How to Brush Your Teeth with Soap
- Wet the bar with running water and scrub a toothbrush across the bar.
Just like lathering up with soap, you need water and friction.
- Brush your teeth as usual.
The ADA recommends brushing for 2 minutes. And, don’t forget your tongue.
- Spit and rinse well
As with any toothpaste, don’t swallow. Just spit and rinse. All of the germs and bacteria will wash away with the water, so rinse well.
- Rinse the soap and your toothbrush
This allows you to wash any germs or bacteria off of the bar and your toothbrush.
- Allow your soap and toothbrush to dry between uses.
Drying it between uses keeps it bacteria free; when the bar dries, germs can’t live on it. We recommend a wooden soap dish for storing soap between uses. Keeping your toothbrush dry reduces the chance of bacteria growing on it.
What are the benefits of using Tooth Suds over other alternatives?
Alternatives to toothpaste are typically powders that don’t contain soap (and thus don’t clean), or soaps that are shredded and in a jar. Shredded soap requires you to put more soap than you need into your mouth. It also requires a jar for storage… and who really wants that extra waste and packaging?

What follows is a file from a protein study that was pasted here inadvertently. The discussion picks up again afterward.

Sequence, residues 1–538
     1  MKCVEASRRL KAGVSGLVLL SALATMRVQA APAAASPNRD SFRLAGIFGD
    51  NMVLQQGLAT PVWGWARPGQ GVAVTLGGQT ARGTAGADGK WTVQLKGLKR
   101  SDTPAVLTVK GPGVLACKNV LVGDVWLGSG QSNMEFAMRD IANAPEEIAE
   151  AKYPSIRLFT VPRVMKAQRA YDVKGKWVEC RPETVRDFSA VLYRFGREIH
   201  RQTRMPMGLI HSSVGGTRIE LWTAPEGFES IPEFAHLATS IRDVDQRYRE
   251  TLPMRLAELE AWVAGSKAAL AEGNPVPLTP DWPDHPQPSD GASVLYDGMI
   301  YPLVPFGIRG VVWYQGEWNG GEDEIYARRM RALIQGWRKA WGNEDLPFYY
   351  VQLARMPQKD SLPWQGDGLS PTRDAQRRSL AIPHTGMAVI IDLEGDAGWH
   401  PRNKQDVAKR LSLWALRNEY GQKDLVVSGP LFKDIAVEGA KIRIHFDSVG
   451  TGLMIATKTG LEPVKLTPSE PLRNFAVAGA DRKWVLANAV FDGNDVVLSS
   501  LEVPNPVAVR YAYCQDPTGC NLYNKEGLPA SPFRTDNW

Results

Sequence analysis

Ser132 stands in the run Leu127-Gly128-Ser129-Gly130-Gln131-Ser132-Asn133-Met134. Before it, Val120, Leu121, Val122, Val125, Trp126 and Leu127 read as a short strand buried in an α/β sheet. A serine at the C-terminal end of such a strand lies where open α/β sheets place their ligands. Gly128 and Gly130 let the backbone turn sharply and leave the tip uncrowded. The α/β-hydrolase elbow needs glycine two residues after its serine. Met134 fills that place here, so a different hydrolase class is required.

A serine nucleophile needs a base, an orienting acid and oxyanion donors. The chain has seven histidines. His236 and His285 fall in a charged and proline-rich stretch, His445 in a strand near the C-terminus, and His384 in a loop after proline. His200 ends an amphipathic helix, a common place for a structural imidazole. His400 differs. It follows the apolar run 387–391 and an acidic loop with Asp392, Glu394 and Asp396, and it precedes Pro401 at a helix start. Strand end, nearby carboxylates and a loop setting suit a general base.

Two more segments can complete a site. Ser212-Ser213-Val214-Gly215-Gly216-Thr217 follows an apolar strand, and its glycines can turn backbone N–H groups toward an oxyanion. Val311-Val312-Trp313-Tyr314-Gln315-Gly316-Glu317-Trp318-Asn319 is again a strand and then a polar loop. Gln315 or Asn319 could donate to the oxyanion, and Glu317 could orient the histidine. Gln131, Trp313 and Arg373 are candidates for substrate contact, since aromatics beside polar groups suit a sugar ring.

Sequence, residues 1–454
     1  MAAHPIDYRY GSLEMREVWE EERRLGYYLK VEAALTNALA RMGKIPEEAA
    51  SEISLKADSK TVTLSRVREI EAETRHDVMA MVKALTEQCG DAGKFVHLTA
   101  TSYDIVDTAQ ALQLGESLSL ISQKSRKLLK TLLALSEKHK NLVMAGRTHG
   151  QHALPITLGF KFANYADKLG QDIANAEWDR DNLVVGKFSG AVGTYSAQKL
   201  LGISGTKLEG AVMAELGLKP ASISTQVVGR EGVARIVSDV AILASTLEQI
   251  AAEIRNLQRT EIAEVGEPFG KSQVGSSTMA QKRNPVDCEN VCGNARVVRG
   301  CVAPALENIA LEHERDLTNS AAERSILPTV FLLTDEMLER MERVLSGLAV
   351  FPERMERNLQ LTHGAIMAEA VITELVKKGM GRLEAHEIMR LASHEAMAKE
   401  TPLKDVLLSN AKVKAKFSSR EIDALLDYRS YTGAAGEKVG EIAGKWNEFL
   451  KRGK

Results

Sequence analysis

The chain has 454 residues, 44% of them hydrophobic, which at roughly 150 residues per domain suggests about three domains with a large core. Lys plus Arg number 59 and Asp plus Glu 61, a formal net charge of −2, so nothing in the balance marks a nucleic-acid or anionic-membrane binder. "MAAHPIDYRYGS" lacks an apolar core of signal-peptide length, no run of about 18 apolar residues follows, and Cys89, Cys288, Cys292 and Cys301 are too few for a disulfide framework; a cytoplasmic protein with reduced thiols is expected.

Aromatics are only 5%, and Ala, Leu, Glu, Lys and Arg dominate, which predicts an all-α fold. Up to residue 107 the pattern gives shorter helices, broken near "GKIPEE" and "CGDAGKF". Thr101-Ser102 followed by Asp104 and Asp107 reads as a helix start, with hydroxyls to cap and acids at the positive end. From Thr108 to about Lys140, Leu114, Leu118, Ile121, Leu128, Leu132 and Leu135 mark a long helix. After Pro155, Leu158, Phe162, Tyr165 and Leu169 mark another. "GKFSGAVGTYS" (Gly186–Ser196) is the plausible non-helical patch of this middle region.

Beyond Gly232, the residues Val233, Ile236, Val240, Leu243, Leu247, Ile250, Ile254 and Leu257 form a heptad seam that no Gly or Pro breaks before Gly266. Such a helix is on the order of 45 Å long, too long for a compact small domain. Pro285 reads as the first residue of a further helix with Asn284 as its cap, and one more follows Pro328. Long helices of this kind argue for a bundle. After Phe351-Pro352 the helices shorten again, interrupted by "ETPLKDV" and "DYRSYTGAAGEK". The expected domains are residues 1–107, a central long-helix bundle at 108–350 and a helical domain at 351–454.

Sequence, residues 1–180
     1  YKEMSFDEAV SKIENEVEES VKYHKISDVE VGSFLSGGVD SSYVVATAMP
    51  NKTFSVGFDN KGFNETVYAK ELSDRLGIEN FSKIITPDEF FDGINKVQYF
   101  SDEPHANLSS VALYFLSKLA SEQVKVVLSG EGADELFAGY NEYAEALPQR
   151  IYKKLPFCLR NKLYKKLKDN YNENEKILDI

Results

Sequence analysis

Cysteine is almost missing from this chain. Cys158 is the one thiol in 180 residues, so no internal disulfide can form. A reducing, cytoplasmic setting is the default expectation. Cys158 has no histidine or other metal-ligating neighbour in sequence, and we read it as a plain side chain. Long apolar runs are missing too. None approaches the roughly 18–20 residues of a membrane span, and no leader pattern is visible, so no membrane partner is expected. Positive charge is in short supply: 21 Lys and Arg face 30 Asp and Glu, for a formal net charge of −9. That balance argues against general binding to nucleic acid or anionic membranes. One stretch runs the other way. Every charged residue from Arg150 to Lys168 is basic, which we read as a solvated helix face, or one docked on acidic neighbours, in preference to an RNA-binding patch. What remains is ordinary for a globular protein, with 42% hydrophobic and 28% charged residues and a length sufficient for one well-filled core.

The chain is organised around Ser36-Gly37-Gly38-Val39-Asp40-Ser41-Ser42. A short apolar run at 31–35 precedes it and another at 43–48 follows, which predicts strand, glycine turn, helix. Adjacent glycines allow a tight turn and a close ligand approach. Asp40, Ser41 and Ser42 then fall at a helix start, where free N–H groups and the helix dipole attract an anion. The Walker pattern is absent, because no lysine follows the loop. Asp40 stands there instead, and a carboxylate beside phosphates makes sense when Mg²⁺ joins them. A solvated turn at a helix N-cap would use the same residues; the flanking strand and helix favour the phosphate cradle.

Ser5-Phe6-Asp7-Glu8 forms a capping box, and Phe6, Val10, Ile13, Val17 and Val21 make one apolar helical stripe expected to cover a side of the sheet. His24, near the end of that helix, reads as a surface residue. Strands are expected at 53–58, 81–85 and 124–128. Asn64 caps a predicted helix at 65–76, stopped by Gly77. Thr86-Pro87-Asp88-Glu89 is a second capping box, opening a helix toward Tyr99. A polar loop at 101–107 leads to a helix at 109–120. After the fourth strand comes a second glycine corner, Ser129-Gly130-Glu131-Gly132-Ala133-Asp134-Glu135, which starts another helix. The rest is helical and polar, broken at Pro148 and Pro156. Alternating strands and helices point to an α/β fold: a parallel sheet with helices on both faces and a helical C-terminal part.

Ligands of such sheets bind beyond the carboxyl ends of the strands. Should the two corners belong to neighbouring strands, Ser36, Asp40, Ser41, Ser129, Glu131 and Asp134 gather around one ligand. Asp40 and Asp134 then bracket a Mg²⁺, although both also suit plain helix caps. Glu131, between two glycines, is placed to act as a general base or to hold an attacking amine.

With Tooth Suds bar soap, you simply swipe your toothbrush over the bar and you’re done. There’s no need to fiddle with little shreds of soap (although you could easily grate your bar if you prefer shredded soap for your teeth), and there’s no container to toss when the bar is used up.
Alo Goods Tooth Suds are eco-friendly, zero waste and a great product to travel with! There are no liquids, pastes, creams or powders to spill in your luggage, and because it’s not liquid, you can take it in your carry on with no worries.
Are Tooth Suds Sanitary?
The quick answer is yes. Since Tooth Suds is chemically a soap, it is completely safe to use for cleaning your mouth. Although it won’t stop you from using swear words =) You can read our article on why soap isn’t dirty (it’s very hygienic) for more details on the topic.
Order a bar today and see for yourself.
We can’t wait to hear your feedback.